After having a treatment at the dentist, you often walk out promising yourself that you’ll make more effort and do more to look after your dental hygiene (and prevent future dentist visits). Sadly, sometimes looking after your teeth just isn’t your priority. Though it’s difficult, good dental hygiene is the key to having a healthy and happy smile. In order to ensure that the procedure you’ve just had is your last, follow this guide to make sure your post-treatment dental hygiene routine lasts.
I brush daily, what else do I need to do?
Brushing at least twice a day is a good start to proper dental hygiene, but it’s not enough. Brushing in the morning, preferably after you eat breakfast, and before you go to bed are good ways to start your routine. However, consider getting a third brush into your schedule. This will help eliminate any food particles and plaque that grow as a result of eating during the day. It is also important to remember to brush your gums and tongue as these are two spots where bacteria tend to linger.
To improve your dental hygiene routine, you should floss at least once a day. It is important that you follow a proper flossing technique to avoid wasting your time. Grab 45 cm worth of floss and wrap it around both fingers. Allow the floss to follow the natural curve of your teeth to avoid ruining your gums. Lastly, unwind clean floss from your fingers for each tooth.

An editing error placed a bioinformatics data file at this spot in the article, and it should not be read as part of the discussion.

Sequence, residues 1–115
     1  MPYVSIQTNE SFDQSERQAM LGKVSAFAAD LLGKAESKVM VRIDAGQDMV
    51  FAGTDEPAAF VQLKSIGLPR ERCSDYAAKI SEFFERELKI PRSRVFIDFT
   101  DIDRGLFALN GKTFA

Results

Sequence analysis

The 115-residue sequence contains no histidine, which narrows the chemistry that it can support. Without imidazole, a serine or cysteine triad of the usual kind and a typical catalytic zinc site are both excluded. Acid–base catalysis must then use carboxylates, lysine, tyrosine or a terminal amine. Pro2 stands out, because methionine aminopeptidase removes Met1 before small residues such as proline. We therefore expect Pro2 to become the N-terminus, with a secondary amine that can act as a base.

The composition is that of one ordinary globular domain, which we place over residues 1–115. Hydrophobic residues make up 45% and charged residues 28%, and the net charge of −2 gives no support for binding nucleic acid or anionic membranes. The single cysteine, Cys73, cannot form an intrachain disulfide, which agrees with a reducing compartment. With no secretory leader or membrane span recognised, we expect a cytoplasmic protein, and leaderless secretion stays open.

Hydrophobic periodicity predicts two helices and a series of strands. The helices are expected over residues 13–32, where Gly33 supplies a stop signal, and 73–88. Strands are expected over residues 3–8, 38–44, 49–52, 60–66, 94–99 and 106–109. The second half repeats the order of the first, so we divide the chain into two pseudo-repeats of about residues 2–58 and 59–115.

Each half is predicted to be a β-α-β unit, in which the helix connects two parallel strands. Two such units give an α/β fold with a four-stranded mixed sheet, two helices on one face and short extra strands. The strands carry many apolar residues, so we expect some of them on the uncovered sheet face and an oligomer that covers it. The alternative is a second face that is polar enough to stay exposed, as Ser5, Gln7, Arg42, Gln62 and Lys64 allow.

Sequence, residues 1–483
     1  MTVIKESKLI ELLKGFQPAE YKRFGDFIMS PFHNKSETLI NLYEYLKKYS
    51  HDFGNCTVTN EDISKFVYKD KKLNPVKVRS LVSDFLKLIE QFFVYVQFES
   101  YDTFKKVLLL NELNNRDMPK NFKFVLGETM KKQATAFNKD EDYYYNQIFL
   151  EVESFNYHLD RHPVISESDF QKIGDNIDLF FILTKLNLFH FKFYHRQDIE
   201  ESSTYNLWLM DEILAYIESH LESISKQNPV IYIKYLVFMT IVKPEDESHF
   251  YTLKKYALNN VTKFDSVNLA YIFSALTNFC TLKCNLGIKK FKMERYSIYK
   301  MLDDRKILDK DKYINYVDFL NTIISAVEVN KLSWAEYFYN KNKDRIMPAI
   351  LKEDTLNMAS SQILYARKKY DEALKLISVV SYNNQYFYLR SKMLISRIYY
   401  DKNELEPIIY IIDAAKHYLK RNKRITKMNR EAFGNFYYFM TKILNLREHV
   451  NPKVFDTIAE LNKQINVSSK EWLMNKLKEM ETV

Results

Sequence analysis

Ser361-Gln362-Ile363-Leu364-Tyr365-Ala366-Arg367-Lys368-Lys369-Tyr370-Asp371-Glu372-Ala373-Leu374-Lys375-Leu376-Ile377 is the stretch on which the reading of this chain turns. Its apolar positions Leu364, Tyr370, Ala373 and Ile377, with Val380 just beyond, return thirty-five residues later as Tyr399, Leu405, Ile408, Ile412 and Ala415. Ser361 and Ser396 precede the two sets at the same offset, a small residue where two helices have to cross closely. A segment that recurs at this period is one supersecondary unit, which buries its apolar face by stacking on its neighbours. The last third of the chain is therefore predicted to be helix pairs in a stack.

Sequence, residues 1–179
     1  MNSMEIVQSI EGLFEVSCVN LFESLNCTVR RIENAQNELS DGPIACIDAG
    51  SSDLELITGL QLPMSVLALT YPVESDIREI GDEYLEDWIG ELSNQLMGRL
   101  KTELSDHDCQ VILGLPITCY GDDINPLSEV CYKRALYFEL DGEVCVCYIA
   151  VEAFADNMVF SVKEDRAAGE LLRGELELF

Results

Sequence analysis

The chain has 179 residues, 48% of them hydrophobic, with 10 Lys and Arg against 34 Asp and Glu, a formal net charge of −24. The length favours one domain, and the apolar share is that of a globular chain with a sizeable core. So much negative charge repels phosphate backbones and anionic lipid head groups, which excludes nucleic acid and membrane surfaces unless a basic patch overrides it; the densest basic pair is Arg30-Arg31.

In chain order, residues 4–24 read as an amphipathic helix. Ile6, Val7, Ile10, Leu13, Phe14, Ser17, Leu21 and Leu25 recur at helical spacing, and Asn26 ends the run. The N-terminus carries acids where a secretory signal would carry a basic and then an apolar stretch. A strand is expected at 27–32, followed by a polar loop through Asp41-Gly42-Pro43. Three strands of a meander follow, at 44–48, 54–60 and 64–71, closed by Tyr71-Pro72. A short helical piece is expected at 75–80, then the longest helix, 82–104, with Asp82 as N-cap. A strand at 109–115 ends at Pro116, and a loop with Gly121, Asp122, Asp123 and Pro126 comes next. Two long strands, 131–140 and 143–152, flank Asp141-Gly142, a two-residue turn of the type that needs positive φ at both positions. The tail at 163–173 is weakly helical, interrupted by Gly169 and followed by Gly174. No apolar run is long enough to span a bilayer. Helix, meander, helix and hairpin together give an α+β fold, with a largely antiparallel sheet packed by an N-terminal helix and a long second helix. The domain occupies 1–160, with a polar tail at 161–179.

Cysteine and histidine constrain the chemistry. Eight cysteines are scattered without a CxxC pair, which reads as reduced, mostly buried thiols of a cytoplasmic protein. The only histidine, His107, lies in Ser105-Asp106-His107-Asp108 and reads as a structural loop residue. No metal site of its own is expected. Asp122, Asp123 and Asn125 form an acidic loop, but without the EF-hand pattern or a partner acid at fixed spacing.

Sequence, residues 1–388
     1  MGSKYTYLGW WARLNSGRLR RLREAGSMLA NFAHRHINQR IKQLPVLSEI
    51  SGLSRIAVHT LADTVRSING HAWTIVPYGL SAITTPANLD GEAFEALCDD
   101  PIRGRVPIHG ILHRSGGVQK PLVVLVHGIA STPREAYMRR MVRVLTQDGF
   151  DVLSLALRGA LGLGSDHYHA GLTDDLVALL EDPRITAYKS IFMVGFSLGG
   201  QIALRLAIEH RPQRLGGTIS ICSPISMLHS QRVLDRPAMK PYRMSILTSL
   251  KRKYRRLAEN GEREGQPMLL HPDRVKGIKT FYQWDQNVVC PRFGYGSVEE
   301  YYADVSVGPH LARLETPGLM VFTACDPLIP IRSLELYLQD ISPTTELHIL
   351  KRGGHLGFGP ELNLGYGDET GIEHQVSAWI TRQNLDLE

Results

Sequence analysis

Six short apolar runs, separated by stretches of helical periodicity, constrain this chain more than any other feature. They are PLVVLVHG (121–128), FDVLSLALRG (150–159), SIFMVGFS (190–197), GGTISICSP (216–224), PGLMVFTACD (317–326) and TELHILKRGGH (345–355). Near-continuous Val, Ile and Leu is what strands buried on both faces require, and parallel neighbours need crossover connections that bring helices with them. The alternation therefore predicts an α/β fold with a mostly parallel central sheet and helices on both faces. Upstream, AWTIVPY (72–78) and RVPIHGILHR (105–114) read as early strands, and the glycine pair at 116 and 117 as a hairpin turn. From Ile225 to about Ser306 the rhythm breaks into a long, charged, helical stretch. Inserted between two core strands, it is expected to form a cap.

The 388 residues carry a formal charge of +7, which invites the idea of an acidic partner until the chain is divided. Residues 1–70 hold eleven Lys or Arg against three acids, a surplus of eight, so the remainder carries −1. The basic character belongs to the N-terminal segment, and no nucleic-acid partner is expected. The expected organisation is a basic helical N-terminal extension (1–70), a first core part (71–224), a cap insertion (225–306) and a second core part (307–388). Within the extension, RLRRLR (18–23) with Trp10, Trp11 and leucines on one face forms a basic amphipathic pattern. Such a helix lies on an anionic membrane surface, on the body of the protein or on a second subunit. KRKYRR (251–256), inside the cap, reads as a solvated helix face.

Finally, avoid consuming sugary food and drink, which cause tooth decay. All of this, plus regular check-ins with your dentist will help your teeth become squeaky clean.
How does my routine differ after my procedure?
Your routine should not differ after your dental procedure. However, if you had to have the procedure in the first place it may mean your dental hygiene isn’t quite up to par. Everyone struggles to keep up with things like flossing and checkups, but changing this can be easy. Set aside time in your day, either on your commute to work or while watching your favourite programme at night, to floss your teeth. Also, schedule check-up appointments in advance to ensure that you have no conflicts.
My new teeth are fake, how does this apply to me?
If you recently received new crowns, implants, or dentures made out of porcelain or ceramics you probably feel that none of this applies to you. However, the gums and bones surrounding these fake teeth are made out of living tissue. Therefore, it is important to brush your gums in the area of the fake teeth, as well as keeping the areas between the teeth clean so that no bacteria can form. Bacteria can cause gum disease, which is a serious issue you will want to avoid.
They say prevention is better than cure. Keeping a proper dental hygiene routine is essential to ensure you won’t need another dental procedure again.
Elizabeth Hurst writes about all things dental for https://dental-compare.com. She has previously written for The Guardian, The Independent and Huffington Post.